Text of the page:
That made me so happy. I believe in this company so much.

2. Another option is to do your own research on companies (email, call, etc.) then share the information with friends!

What type of products can have the Certified Humane® label?

Most all animal products! Beef, eggs, sausage, lamb, chicken, veal, pork, cheese, dairy products, etc.

So how do I know if a product is Certified Humane®?

1. Look for the label.

2. Producers and products found here

What if my local grocery store doesn’t stock Certified Humane® products?

1. Search here for a store that carries the products

2. Bring these signed forms to your grocery store:

Remember,  you CAN make a difference.

3. Purchase local animal products from places where you can visit or talk to the farmer.

Are all the foods in my kitchen Certified Humane®?

I wish. As previously stated, I am slowly working towards my “kitchen” evolution. Whenever the option is available at the grocery store (which is rare for where I live, so once a month I drive an hour to Whole Foods to buy them), I make the CH purchase. For sure.

No questions asked.  Even if you can’t afford to purchase CH every time, try doing it every other purchase, or once a month. Every purchase makes a difference and is ultimately less money going to the factory farms.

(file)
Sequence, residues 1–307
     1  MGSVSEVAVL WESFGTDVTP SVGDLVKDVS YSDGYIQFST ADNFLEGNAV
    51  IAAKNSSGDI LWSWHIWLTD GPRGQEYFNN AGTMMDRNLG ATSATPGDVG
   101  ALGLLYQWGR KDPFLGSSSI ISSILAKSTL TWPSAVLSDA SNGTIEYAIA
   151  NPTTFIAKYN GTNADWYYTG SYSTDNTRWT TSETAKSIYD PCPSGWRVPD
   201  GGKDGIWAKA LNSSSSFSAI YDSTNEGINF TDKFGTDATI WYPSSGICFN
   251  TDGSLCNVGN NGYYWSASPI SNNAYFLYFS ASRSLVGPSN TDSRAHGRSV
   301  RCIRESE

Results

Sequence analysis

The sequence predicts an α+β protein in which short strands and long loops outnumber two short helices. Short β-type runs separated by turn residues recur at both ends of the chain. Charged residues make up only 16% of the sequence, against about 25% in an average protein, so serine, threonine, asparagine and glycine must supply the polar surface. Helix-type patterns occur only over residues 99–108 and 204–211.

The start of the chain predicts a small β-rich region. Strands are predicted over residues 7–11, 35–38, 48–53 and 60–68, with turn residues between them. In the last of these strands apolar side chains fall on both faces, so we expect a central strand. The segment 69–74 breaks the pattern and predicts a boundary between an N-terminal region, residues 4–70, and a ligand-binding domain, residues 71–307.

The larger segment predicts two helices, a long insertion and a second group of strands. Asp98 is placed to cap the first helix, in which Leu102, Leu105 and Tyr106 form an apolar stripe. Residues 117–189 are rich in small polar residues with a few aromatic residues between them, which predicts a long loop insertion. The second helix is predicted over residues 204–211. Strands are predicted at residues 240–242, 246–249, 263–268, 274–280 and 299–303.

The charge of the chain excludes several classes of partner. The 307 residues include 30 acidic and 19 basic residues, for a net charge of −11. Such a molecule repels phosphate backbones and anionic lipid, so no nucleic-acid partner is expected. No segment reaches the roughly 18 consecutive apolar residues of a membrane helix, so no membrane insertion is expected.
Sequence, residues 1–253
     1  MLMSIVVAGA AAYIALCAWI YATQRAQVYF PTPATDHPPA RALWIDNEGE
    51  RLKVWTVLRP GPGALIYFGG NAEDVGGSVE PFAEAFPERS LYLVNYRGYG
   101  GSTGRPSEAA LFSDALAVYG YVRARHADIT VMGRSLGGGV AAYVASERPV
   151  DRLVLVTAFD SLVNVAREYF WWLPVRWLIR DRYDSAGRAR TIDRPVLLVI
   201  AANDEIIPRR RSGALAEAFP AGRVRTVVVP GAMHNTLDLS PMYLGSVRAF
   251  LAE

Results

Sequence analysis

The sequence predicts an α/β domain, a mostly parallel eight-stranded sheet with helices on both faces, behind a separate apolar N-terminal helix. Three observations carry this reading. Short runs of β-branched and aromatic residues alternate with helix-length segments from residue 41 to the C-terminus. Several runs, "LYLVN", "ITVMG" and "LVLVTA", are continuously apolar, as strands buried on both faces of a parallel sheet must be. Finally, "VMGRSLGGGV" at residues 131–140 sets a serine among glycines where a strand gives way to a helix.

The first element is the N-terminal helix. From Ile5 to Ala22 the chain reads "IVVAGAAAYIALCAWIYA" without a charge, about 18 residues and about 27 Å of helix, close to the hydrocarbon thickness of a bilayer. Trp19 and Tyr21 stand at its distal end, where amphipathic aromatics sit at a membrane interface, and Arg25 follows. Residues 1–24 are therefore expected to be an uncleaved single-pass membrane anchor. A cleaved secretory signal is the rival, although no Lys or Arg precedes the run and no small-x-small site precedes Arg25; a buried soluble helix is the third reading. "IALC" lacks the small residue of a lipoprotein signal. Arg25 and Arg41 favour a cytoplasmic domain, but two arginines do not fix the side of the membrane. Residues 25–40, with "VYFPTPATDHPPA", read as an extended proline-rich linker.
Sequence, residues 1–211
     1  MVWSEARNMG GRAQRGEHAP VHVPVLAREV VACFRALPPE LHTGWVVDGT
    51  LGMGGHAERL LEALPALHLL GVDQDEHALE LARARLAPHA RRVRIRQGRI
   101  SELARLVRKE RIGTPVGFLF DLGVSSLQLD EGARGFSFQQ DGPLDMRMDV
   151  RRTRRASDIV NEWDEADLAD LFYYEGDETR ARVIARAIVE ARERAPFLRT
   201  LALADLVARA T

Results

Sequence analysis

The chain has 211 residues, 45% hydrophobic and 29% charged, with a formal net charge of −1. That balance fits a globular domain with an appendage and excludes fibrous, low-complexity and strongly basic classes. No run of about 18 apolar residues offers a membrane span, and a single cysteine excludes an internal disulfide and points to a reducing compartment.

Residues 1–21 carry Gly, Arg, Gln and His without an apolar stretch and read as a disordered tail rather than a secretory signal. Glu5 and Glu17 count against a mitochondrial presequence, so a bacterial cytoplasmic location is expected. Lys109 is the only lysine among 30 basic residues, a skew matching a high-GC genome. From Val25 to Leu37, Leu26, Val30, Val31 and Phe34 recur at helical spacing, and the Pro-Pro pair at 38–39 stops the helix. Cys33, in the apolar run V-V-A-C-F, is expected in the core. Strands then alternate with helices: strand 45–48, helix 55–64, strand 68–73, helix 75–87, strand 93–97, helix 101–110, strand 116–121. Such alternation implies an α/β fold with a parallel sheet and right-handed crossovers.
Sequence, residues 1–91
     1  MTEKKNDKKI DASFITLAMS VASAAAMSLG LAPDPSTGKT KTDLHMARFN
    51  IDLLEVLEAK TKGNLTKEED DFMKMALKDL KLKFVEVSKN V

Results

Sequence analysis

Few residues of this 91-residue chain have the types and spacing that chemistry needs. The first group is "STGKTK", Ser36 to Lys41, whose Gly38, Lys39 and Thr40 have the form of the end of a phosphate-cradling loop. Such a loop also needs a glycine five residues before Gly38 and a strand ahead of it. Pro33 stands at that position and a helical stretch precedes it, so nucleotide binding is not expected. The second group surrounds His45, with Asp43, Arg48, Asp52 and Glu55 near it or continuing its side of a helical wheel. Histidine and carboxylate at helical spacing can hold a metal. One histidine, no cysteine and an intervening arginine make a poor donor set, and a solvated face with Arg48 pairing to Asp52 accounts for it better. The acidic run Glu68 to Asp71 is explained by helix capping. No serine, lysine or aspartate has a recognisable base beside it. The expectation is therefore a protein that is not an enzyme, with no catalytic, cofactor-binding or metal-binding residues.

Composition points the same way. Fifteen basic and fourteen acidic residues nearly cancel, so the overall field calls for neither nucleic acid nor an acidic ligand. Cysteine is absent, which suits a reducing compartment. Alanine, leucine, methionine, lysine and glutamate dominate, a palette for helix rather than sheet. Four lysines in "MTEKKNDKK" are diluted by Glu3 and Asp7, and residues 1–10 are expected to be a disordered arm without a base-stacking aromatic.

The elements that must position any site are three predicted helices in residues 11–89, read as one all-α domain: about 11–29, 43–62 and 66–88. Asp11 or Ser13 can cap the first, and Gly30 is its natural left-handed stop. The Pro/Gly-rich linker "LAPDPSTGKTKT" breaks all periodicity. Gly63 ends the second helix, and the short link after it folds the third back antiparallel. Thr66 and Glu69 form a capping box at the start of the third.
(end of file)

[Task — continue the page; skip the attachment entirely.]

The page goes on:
For Certified Humane® FAQs click here.

Visit their Take Action Page

Next movie to watch:

And if you haven’t already, go out and rent the movie Temple Grandin.  A true story based on the work of Temple Grandin, an incredible Autistic lady who is a top scientist in the industry of humane livestock. Major props to Claire Danes- amazing acting. Click on the “Temple Grandin” link to view the movie trailer.

2 thoughts on “steps you can take to ensure your meat was treated humanely

  1. Pingback: “Basal Challenge” Week #1 | basal evolution

  2. Pingback: My Basal Evolution Evidence- Week #1 Label Awareness | basal evolution

Leave a Reply

Fill in your details below or click an icon to log in: Logo

You are commenting using your account. Log Out / Change )

Twitter picture

You are commenting using your Twitter account. Log Out / Change )

Facebook photo

You are commenting using your Facebook account. Log Out / Change )

Google+ photo

You are commenting using your Google+ account. Log Out / Change )

Connecting to %s